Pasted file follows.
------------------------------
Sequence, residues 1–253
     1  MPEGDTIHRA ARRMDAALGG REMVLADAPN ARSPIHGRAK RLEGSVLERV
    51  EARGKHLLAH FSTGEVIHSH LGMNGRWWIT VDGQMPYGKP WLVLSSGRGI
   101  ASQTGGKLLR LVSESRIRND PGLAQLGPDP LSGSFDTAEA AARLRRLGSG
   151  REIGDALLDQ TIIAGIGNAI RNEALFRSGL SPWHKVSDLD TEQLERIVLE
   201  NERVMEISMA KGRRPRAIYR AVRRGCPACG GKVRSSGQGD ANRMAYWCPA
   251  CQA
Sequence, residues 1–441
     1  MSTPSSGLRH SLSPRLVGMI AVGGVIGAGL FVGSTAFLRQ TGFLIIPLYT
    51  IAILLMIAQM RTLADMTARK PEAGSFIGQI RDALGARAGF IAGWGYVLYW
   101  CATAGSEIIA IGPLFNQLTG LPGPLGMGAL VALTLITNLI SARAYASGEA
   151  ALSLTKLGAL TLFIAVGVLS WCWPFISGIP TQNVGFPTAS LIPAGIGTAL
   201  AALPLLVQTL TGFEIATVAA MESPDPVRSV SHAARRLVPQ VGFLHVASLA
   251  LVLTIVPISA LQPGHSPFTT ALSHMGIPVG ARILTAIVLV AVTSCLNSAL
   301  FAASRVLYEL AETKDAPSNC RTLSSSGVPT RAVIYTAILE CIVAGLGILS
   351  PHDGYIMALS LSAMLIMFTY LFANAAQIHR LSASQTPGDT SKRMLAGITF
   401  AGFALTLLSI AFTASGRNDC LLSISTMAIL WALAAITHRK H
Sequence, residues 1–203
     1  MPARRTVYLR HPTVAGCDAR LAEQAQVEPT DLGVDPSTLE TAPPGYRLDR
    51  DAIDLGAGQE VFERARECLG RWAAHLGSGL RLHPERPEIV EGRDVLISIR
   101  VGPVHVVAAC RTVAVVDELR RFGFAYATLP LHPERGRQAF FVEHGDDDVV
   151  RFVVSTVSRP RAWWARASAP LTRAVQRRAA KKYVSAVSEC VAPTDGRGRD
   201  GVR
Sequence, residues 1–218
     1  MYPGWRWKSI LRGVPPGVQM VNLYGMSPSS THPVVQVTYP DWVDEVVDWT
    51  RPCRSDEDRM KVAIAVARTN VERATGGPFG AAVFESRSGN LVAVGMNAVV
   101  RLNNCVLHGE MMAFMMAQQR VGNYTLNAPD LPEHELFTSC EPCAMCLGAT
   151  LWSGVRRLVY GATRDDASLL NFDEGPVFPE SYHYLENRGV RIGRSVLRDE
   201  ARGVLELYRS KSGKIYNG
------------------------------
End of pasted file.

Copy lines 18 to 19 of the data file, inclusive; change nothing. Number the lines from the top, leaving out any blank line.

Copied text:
Sequence, residues 1–203
     1  MPARRTVYLR HPTVAGCDAR LAEQAQVEPT DLGVDPSTLE TAPPGYRLDR